A dry mix knob on a compressor means that the compressor can work as parallel compression. Turning the knob all the way to wet and it will function as a normal compressor. Set it at let’s say 50/50 means you will get 50% of uncompressed sound and 50% of compressed sound.
The signal gets louder when turning it towards dry as you will then get more uncompressed sound through. This is working as intended.
Hope that makes sense.
Grim, thats plausible, but I still wonder why? In any thinkable case I’d have to lower the volume manually after using the dry mix knob. In which scenario would I want to keep the same wet lvl and just add a dry level to it, without lowering the wet signal equally?
It’s not about matching wet/dry the makeup gain is also applied to the dry signal. It is working as intended as both Grim and myself have stated above.
A compressor is a dynamic effect, when you compress you lower the overall volume of the signal. When turning up the dry mix knob you are adding more and more of the louder uncompressed signal, hence the overall volume will go up.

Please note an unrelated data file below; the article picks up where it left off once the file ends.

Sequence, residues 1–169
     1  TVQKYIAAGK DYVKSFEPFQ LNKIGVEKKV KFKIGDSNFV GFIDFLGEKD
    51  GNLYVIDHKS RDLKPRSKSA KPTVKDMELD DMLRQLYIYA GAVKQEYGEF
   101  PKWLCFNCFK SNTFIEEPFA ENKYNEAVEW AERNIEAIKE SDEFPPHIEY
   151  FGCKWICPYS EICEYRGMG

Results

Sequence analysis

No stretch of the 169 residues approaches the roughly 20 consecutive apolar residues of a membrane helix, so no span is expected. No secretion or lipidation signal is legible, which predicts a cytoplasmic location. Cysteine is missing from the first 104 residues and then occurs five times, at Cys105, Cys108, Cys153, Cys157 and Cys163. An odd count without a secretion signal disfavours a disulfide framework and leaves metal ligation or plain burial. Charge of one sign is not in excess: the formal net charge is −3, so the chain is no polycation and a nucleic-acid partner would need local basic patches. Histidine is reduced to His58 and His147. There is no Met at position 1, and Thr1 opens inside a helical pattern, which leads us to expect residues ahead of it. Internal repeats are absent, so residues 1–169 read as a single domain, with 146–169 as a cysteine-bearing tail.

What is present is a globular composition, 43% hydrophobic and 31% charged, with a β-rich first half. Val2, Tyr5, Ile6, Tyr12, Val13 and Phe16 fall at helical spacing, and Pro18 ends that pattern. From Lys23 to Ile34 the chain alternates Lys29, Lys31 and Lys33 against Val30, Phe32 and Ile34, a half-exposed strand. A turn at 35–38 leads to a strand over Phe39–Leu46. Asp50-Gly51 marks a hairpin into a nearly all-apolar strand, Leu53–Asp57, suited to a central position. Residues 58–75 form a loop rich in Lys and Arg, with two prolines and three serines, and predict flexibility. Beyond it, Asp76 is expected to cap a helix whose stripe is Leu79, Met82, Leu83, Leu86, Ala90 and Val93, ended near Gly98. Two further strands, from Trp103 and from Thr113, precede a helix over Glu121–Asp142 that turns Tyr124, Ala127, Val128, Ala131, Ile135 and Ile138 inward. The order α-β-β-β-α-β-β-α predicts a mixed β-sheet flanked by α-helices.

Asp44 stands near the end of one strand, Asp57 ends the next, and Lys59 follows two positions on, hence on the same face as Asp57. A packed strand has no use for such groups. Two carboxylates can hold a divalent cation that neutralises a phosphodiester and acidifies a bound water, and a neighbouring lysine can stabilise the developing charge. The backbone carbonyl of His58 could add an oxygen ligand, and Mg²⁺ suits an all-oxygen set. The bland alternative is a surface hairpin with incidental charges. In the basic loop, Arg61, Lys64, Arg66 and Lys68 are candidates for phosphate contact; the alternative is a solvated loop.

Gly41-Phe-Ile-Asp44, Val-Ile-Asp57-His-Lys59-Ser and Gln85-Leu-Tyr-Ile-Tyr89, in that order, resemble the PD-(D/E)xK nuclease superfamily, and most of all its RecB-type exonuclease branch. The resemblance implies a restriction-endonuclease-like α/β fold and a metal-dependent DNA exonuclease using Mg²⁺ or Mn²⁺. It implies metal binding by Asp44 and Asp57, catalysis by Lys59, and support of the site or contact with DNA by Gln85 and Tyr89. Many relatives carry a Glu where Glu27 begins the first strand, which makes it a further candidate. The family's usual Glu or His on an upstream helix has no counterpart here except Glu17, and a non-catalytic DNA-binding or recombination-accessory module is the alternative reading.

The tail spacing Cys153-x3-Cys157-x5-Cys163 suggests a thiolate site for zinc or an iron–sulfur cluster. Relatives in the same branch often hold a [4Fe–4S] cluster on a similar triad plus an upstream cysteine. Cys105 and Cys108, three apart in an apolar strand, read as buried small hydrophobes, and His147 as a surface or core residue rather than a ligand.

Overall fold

Again, working as intended and other compressors like the Fabfilter Pro C, which also have a dry mix knob, are doing the same.
I guess there is some kind of trade off if they turn down wet as they turn up dry, the effect of the knob (and so the mix) will be different depending on the compression settings.
But only the programmers know why they make this decision…there are certainly a selection that work this way so must be a fairly good reason.
Or maybe they add it as an after thought and it’s just easier that way.
Of course it’s no different from doing parallel compression the way you would with no mix knob. If you have comp and clean on two faders there is also no level matching.